bow-facing oars

Giovanni da Verrazanno logged that in 1524, he was near Block Island, slowed by heavy seas and unfavorable winds, when 20-man rowed dugouts
intercepted him. At first, they kept their distance, circling him.
They wore embroidered deerskin and were immaculately groomed, their hair tied up behind. After studying the alien craft and crew, they shouted approval, came alongside, and brought him to Newport Harbor, about 25 miles away.
Many things about these natives and their culture and their technology impressed Verrazanno and his crew. They spent months and hated to leave. Like the ancient equivalent of destroyers, their craft had seaworthiness, speed, and endurance. I?ve read that pirates were so impressed two centuries later, that many switched to rowed canoes to attack ships and land bases. Some held 120 men.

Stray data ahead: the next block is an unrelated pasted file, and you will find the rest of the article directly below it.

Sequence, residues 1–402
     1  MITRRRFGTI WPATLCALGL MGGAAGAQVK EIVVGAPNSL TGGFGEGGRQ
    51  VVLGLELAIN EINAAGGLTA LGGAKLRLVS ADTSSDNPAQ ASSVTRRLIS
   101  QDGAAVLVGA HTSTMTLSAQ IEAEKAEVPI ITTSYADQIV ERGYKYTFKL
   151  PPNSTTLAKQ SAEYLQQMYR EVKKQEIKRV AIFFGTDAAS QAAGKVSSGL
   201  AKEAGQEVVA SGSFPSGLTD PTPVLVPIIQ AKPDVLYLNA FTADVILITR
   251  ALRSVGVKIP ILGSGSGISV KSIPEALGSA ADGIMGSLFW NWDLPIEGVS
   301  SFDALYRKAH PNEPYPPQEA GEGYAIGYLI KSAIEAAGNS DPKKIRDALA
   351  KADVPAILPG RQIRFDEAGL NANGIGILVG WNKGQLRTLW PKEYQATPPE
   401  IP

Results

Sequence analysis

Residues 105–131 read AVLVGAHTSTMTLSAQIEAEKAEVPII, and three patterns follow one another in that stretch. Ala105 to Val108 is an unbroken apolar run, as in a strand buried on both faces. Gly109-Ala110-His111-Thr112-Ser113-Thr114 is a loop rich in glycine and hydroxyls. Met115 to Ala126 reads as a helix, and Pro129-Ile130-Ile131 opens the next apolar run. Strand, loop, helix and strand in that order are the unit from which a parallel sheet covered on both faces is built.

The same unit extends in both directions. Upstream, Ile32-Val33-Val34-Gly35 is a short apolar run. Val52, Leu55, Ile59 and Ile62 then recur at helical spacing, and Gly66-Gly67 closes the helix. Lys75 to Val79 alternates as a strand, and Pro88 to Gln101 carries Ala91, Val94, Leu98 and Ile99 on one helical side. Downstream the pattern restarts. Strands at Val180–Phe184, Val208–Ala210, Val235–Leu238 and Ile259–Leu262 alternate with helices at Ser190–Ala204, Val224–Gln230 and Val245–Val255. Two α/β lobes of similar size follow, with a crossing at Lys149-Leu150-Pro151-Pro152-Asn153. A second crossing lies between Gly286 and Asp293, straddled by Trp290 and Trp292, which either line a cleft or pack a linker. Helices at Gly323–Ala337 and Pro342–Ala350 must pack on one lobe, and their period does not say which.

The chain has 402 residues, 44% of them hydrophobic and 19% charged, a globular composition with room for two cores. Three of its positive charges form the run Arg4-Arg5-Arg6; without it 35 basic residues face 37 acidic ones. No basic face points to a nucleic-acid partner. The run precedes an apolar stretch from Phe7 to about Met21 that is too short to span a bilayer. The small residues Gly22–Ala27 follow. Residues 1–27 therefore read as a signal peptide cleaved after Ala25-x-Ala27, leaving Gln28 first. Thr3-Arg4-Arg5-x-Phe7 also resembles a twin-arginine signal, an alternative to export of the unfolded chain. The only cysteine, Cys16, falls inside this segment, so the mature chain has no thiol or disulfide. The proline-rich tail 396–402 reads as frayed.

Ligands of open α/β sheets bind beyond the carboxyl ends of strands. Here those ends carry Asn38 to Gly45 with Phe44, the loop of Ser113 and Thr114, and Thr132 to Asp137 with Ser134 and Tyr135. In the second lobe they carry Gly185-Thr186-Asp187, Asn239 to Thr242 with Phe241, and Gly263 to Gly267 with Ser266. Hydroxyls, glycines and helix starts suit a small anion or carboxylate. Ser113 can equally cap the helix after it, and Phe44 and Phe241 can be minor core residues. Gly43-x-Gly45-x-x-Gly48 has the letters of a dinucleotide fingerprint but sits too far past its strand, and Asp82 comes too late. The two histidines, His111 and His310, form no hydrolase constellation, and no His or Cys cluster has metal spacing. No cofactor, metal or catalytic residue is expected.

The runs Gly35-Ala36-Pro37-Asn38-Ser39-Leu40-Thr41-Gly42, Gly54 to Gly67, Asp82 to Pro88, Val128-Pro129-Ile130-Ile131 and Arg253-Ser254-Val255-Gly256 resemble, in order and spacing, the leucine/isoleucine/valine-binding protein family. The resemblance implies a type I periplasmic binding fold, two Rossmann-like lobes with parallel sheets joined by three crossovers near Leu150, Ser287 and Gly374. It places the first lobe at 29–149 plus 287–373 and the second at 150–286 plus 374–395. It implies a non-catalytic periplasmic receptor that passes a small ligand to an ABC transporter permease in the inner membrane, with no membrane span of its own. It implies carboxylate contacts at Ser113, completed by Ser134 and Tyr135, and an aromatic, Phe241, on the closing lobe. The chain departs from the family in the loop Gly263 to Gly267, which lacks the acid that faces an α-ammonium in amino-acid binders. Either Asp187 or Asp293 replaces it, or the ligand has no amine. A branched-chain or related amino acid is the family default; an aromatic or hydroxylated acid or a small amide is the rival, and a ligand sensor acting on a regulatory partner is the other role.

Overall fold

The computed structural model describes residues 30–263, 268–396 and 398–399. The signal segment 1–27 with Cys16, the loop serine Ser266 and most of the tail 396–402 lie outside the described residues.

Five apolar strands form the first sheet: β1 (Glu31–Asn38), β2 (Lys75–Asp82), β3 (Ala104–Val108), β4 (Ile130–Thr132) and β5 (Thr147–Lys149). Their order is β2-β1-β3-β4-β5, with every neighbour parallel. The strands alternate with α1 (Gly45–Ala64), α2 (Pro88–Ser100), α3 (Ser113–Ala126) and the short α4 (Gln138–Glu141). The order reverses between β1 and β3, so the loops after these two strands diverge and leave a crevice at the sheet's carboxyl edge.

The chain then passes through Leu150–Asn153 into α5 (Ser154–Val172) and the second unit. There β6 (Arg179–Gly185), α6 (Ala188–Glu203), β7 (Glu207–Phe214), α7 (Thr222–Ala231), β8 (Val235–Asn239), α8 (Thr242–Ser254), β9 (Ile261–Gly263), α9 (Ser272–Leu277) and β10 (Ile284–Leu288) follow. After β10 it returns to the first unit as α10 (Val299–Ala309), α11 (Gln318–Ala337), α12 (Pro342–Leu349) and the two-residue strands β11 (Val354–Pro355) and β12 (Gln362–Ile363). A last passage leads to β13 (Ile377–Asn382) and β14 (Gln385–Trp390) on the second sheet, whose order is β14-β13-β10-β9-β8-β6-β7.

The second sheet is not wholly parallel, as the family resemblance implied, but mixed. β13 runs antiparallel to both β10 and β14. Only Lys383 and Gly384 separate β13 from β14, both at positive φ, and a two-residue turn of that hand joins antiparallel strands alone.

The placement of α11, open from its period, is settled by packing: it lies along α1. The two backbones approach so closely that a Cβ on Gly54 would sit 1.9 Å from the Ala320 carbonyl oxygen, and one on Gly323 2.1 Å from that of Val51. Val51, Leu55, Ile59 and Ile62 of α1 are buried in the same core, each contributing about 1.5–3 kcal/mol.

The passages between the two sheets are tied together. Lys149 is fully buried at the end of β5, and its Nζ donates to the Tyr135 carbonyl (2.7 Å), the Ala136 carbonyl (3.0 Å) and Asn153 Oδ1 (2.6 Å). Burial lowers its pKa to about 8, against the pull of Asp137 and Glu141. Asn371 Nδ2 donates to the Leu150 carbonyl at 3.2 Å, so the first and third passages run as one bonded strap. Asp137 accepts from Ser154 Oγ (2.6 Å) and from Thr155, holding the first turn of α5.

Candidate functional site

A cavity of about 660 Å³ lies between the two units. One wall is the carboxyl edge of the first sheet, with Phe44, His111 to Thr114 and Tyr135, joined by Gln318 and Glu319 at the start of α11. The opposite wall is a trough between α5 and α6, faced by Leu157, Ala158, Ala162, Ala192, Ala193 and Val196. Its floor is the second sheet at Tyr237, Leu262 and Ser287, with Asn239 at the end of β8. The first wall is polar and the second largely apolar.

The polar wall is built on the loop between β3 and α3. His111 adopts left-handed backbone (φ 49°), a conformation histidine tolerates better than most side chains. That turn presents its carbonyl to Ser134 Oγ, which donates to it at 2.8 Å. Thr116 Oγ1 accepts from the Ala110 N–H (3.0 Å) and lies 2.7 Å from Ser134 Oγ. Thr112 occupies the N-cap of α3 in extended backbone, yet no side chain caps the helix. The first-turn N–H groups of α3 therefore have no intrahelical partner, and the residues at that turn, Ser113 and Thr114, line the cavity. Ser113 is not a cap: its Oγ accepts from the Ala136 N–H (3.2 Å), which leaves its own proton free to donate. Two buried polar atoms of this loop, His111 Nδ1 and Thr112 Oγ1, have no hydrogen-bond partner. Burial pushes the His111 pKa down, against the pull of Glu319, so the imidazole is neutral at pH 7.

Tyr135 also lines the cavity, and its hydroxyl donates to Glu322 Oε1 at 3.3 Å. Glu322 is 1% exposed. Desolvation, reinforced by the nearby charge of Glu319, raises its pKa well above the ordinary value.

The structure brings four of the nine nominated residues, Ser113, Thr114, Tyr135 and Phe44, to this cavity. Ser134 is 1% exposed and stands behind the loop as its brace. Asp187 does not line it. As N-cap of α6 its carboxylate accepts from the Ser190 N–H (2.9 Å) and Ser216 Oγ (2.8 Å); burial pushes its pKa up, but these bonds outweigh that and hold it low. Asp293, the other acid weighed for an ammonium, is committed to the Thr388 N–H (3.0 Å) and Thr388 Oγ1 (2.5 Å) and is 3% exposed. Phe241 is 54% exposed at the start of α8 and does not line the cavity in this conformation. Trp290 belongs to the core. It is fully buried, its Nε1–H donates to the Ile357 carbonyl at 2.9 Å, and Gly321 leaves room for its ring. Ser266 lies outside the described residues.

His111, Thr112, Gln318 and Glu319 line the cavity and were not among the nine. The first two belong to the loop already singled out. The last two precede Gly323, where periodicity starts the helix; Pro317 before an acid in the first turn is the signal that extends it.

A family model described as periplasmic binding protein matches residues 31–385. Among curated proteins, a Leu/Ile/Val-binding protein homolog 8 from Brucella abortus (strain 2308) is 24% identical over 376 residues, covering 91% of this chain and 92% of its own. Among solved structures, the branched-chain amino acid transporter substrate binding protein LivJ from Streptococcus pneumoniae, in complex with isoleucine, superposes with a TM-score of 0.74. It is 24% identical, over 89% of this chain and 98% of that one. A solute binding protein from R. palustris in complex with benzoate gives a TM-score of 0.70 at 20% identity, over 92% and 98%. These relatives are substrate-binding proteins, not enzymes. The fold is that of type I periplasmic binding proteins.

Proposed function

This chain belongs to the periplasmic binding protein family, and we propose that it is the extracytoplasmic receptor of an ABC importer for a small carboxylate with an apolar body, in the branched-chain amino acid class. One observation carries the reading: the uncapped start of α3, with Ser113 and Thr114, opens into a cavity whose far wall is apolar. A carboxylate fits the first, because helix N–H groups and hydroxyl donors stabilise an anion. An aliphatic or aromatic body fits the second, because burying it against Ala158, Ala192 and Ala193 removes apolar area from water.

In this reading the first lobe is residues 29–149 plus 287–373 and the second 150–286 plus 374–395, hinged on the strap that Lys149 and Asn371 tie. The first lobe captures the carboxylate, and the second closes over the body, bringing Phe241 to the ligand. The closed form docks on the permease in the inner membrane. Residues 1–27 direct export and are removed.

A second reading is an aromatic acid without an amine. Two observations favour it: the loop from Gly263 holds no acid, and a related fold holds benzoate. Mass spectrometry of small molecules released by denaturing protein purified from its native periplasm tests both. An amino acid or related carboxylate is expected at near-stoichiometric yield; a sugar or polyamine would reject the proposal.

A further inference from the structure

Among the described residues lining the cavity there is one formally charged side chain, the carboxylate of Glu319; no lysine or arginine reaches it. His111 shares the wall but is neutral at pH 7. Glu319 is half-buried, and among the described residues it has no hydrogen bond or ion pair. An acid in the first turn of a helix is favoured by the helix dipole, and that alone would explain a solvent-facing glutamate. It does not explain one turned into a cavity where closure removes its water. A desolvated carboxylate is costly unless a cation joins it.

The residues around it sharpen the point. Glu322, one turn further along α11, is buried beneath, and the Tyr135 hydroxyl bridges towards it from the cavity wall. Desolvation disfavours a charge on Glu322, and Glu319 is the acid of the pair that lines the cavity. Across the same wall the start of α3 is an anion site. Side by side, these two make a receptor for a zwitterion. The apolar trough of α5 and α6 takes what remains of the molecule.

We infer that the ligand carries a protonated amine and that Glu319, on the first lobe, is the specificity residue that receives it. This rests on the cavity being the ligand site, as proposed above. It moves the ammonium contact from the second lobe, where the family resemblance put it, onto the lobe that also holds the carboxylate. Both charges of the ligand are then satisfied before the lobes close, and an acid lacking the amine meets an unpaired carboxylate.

Other sources have said the 1524 canoes were similar to early Viking vessels. Verrazanno was impressed that the natives could manufacture them so quickly and with so little labor. Their ingenious mechanism for rowing while facing forward amazed him. He didn?t describe it. He didn?t say whether the rowers were scullers or sweep rowers, or how long the boats were.
Bow-facing oars intrigue me. You can?t row well pushing, so the device would have to reverse your pull while letting you control the elevation of the blade. The earliest inventions I know of, date from about 1900. They depend on metal for high-stress gears, hinges, and linkages.
How could natives of 1524 have rowed while facing forward? How long would a boat have to be for 20 oarsmen?
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